Navigating the 2024-2025 Budget Season

Navigating the 2024-2025 Budget Season

As if the annual budget season for school administrators and Boards of Education (BOE) isn’t challenging enough, a lack of information about the final New York state budget’s impact on Foundation Aid and the hold harmless (also referred to as save harmless) provision, along with enrollment challenges and the pending expiration of pandemic-era relief funds, have combined to create a perfect storm.

Originally, we were hoping to write this article about where the New York State 2024 budget landed in respect to education. The deadline for a final budget was April 1, but it has been pushed back as Senate and Assembly members rejected proposed cuts and are fighting for a 3% budget increase and restoration of Foundation Aid.

According to Senator Michelle Hinchey, “The Mid-Hudson region stands out as the most affected area compared to other regions in the state, facing a $31 million reduction (4.2%) in total funding.”

Hinchey led a rally to restore funding for mid-Hudson and upstate NY school. As noted on her website, “Our rural and Mid-Hudson Valley schools face the biggest cuts in the entire state; these are districts that have historically received inadequate Foundation Aid and cannot absorb the detrimental losses proposed without cutting curriculum or laying off staff. Out of 31 school districts in my district, all but six of them would face drastic cuts in funding, forcing them to make these decisions imminently.”

This leaves districts in a precarious situation as budget season moves ahead and local budget voting periods loom.

Another focal point of most New York districts’ budget discussions relates to declining enrollment. While student enrollment has been decreasing for years nationwide, it accelerated during COVID and in the ensuing years. In fact, a report from the Associated Press indicates New York continued to lead the nation in enrollment declines in the 2022-2023 school year, with decreases in every county.

Challenges are exasperated in some areas by a teacher and staffing shortage. What’s more, some districts face additional burdens resulting from high turnover in superintendent, other key administrator, and BOE positions, contributing to disruptions in long-term strategic planning, stage-setting communication, and change management.

New York is by no means alone. In recent years, headlines across the U.S. have been highlighting  challenges brought about by falling enrollment and staffing challenges. Responses have ranged from school closures and consolidations to adoption of a four-day school week and more:

  • Energy and water audits and system updates; explore an energy purchasing consortia through BOCES operations.
  • Working with local government to share resources while reducing costs. This can include everything from library and IT services to groundskeeping, snow removal, equipment expenses, and purchasing coops.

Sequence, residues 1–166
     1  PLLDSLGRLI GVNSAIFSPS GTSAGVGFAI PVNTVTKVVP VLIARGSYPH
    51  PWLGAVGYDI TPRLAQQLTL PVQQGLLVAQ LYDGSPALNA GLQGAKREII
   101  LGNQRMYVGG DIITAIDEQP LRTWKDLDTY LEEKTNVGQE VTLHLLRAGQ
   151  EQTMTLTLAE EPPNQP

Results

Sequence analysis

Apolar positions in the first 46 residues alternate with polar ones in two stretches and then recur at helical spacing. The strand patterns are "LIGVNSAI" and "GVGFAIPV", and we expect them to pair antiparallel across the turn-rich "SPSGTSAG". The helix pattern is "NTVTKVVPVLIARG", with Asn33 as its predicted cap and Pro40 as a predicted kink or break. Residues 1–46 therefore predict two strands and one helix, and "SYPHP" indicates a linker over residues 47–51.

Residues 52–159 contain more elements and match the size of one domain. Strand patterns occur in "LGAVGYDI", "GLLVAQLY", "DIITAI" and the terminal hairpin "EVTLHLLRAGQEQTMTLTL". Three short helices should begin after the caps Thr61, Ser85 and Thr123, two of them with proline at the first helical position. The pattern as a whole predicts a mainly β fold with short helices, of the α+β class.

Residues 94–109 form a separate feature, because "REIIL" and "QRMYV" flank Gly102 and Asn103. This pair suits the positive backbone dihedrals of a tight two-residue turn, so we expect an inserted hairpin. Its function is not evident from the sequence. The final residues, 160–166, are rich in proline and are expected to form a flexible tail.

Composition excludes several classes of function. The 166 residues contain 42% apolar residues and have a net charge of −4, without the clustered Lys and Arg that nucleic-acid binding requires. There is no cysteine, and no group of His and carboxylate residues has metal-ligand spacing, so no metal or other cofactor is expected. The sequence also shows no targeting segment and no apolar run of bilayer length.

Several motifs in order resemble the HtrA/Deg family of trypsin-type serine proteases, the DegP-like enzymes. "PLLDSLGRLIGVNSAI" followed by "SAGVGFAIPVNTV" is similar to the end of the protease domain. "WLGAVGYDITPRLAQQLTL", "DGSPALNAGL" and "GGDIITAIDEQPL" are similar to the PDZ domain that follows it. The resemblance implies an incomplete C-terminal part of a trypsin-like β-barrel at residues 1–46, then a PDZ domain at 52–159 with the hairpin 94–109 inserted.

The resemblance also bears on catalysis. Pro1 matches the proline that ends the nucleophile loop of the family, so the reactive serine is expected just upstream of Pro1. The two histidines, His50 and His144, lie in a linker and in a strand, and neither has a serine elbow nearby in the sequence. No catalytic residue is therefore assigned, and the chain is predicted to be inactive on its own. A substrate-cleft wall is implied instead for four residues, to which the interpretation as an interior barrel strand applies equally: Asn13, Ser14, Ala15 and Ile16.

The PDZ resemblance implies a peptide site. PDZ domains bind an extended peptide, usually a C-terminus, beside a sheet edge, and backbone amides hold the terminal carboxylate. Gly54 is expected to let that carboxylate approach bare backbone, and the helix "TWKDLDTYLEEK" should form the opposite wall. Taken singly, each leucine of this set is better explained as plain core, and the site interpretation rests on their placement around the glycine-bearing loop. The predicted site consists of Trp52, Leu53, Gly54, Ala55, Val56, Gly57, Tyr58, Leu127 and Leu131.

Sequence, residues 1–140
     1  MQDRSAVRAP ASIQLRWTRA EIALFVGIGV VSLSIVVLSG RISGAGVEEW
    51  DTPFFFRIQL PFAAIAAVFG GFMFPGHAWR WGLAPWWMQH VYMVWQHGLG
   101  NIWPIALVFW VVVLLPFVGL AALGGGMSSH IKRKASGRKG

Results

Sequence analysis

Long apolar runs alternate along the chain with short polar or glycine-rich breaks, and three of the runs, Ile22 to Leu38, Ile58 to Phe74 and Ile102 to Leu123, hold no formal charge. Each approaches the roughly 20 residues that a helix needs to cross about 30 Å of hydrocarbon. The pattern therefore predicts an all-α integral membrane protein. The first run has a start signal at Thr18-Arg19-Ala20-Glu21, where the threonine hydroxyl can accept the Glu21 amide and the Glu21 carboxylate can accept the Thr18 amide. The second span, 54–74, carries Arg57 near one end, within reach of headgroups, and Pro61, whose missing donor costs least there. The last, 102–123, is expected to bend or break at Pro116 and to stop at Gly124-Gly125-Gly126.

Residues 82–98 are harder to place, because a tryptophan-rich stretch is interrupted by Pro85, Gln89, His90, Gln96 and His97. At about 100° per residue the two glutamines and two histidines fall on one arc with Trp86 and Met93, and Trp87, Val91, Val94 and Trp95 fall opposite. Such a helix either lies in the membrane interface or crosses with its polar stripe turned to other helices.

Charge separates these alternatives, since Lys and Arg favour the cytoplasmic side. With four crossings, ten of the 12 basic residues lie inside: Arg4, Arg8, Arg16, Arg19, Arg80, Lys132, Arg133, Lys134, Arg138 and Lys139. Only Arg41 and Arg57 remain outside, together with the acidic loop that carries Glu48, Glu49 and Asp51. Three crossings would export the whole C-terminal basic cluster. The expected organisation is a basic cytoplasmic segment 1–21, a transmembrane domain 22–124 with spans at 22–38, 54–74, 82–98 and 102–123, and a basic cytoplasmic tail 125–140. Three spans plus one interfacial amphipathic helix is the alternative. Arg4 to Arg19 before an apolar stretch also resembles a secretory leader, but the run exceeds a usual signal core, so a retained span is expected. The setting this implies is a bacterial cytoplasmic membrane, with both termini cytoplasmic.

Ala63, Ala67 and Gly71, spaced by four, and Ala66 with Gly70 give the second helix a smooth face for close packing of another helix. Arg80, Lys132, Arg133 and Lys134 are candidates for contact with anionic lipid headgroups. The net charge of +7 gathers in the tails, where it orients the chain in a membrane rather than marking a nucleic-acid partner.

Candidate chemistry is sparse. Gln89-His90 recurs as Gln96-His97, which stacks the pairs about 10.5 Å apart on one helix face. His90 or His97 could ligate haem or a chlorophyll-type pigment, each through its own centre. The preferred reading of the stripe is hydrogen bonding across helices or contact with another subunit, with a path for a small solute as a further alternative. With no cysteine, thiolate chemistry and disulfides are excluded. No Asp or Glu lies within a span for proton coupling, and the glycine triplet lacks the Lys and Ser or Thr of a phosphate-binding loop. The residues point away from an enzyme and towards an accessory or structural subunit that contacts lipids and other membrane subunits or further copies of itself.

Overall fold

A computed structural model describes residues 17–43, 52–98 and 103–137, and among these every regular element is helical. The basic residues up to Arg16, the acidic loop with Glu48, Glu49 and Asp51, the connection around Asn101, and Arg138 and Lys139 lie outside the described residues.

• Consolidating backroom operations with other districts and local government for functions like payroll and benefits administration, human resources, accounting, staff development, safety and risk management, printing, and more.
  • Vacancy cuts, early retirement incentives, hiring freezes, and rightsizing.
  • Renting or leasing space in empty facilities to generate an income stream.
  • Selling vacant property and saving on property insurance costs.
  • Using GPS routing and inventory management systems for transportation efficiencies; discontinuing courtesy bussing for students who live within a certain distance of a school.
  • Outsourcing non-educational functions like food, custodial, transportation, and IT services.

A few approaches that appear to be helping some districts navigate discussions and the budgeting process include:

  1. Having a long-term strategy, developed collaboratively with parents and the community, so priorities are defined in advance and help guide budget and spending decisions.
  2. Collaboratively working with parents and the community to define guiding principles for making budget cuts. For example, if the number one priority is to maintain all program offerings for students, it’s easier to narrow down and gain support for where costs can be reduced or reallocated.
  3. Developing and presenting budget options based on different funding scenarios – if the state budget moves forward as is; if Foundation Aid is restored; or if state aid increases.

As we wait for the final state budget and answers about education funding for the upcoming school year, bipartisan support for restoring Foundation Aid and increasing the budget along with higher than projected state revenues may help districts avoid the worst-case scenarios – at least for this budget season.

As you focus on your school’s or district’s budgets and plans for the upcoming school year, you can count on RBT CPAs to handle your accounting, tax, audit, and advisory needs. We have been serving organizations and individuals in the Hudson Valley for more than 55 years and show time after time how RBT CPAs and our clients can be Remarkably Better Together. For more information, give us a call.


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